According to the Pew Research Center, Republican Party identification fell 3 points, to 26 percent, from 2016 to the end of 2017. The number of self-identified independents increased at the same time, from 34 percent to 37 percent, while the number of Democrats remained steady. Gallup shows a similar change: From November 2016 to November 2017, there was a 5-point drop in the number of people who called themselves Republicans, from 42 percent to 37 percent. Democratic self-identification remained unchanged at 44 percent.

The sheer size of the United States makes it easy to find vocal support for anyone and anything, and Donald Trump has his vocal supporters. But their staunch commitment overshadows the reality: a shrinking base for a president who won by the skin of his teeth, reliant on a small group of voters in just a handful of states. His scandals and outrages—controversies and improprieties—have had an effect. Even rank-and-file GOP reactions to Helsinki are revealing; according to CBS, 21 percent of Republican voters disapproved of the president, a striking number given typical partisan loyalty.

A smaller base is still a base, and depending on their locations and constituencies, Trump-skeptic Republican lawmakers may see a backlash if they challenge the president. John McCain’s anti-Trump defiance has earned him real anger from Arizona voters, even as he prepares to leave office.

'It looks kind of skeevy': Illinois governor shamed by cash giveaway

It takes a great deal to shock someone in Illinois https://www.politico.com/story/2018/07/23/illinois-governor-rauner-cash-giveaway-736244

Gov. Bruce Rauner, who’s campaigning as an anti-corruption crusader, today found himself fending off attacks on his own ethics after attending an event where a political ally handed out $300,000 in cash.

The cash giveaway happened after the Republican governor spoke to a church on Chicago’s South Side on Sunday along with Willie Wilson, a onetime presidential candidate and 2019 challenger to Mayor Rahm Emanuel.

Both Rauner and Wilson, political allies, addressed the congregation with the governor stating: “We’re honored to help you pay your property taxes. Happy to do it.” It was a reference, his campaign later explained, to Rauner’s work with Wilson’s private foundation.

Wilson then stood inside the church holding stacks of cash and handed out bills to passersby.

Wilson told POLITICO that the money was from his Gov. Bruce Rauner, who’s campaigning as an anti-corruption crusader, today found himself fending off attacks on his own ethics after attending an event where a political ally handed out $300,000 in cash.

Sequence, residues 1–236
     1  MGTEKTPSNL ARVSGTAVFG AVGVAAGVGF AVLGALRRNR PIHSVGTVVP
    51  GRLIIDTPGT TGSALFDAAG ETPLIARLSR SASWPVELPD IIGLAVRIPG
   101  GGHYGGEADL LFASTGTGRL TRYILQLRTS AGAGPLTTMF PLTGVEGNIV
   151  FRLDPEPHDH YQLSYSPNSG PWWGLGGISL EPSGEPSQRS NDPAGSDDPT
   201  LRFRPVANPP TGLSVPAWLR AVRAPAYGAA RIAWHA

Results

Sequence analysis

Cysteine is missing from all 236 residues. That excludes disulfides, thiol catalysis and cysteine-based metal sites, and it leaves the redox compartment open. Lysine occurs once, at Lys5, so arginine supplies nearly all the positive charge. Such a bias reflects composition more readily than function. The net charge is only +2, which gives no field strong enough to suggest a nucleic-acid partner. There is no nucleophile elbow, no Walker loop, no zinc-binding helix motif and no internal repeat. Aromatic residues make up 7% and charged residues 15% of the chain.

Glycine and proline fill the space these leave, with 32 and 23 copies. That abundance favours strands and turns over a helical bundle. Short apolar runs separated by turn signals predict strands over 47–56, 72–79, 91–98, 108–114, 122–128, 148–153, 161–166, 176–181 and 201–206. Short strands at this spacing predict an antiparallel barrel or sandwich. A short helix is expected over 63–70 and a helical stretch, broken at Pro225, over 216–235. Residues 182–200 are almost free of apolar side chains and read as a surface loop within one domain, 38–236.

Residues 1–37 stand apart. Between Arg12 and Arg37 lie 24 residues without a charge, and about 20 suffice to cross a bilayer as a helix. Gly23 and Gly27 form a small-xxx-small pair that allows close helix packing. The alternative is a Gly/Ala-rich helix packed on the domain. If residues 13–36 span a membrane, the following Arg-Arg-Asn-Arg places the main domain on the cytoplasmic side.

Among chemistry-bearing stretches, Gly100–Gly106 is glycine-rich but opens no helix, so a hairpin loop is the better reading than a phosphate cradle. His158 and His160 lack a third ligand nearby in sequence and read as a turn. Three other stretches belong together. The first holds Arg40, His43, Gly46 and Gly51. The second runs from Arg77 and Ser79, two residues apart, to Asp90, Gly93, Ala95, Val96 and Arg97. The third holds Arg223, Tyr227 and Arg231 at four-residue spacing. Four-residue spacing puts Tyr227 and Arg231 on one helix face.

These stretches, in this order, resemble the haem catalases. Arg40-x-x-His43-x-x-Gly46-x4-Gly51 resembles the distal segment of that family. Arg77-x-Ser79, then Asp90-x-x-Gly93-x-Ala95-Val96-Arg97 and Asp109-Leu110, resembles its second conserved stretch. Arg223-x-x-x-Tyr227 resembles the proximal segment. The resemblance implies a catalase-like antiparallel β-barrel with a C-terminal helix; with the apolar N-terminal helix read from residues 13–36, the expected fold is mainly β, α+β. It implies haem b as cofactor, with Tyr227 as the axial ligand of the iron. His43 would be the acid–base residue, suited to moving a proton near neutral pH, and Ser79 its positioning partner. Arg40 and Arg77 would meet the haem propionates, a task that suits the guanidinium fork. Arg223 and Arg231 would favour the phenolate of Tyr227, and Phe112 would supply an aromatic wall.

Luckovich-New Georgia state symbol

Black man fired by Home Depot for reacting to "racist" customer won't accept his job back.


A Freedom Caucus for the left? House progressives aren't so sure:

I do not think that we need a new liberal Freedom Caucus

From the Slate Article
Alexandria Ocasio-Cortez, the leftist star who is already beginning to grate on some of her entrenched, will-be Democratic colleagues, offered a theory in a recent interview for how the most progressive Democrats in Congress could flex their strength if the party retakes the House in November: Emulate the conservative House Freedom Caucus.

“Even if you can carve out a subportion, a subcaucus, of the Progressive Caucus, even a smaller bloc but one that operates as a bloc, you can generate real power,” she said on Jacobin’s the Dig podcast. Depending on the margin, a bloc of 10 or 30 members, she suggested, could have what the Freedom Caucus has, and is rarely shy to use: effective veto power over leadership on partisan legislation.

The reaction to this idea from Progressive Caucus members I spoke with on Tuesday, though—at least those who were even willing to comment on it—could best be described as hesitant.

“Isn’t that what the Progressive Caucus is?” Arizona Rep. Ruben Gallego, a vice chair of the 76-member caucus, said. “I think we kind of tend to do that right now with the Progressive Caucus, so I don’t understand what she would be doing that wouldn’t be duplicative.” Gallego said there is already a “hardcore” group of about 40 Progressive Caucus members who tend to stick closer together than the group at large.


Go to Page: « Prev 1 2 3 4 5 6 7 Next »